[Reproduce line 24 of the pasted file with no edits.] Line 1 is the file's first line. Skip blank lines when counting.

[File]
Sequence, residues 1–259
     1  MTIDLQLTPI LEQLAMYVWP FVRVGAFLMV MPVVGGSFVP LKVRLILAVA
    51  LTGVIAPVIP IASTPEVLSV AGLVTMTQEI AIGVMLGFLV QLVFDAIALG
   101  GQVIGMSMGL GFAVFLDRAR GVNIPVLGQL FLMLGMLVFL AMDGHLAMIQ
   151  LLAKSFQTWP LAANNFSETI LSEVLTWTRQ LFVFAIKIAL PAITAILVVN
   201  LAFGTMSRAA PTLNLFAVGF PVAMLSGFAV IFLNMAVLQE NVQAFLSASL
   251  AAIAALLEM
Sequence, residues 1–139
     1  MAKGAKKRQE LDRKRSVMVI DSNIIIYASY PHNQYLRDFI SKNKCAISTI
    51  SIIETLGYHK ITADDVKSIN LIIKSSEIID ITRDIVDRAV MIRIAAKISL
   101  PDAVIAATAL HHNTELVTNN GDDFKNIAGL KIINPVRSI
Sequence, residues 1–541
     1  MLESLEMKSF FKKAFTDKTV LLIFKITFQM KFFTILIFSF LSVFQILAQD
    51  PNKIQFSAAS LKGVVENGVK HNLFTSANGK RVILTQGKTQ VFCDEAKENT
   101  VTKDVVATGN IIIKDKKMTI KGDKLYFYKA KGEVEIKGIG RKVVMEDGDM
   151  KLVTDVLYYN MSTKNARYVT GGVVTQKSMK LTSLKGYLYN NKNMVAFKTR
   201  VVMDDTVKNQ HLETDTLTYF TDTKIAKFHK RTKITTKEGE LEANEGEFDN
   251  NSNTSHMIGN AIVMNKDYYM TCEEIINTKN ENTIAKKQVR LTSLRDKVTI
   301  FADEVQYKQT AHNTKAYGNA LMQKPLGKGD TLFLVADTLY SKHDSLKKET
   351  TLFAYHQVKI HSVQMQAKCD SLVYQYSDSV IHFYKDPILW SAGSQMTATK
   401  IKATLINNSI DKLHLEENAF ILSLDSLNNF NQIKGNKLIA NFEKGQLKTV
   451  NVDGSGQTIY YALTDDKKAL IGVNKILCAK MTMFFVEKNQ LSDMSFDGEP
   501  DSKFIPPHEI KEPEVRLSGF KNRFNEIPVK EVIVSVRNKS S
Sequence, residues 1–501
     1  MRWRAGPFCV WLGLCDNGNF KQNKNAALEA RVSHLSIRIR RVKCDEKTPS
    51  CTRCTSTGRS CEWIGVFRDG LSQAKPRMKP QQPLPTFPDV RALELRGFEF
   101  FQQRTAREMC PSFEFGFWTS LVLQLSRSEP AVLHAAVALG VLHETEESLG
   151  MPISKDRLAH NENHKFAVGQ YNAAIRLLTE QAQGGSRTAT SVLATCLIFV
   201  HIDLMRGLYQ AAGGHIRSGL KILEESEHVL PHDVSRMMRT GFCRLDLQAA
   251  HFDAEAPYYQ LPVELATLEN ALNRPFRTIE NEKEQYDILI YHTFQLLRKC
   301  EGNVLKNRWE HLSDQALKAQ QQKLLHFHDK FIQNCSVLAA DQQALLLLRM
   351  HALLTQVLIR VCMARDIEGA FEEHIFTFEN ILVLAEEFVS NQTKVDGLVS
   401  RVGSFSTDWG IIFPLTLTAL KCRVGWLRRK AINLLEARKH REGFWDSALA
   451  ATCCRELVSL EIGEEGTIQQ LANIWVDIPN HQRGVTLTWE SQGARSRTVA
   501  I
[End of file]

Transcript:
Sequence, residues 1–501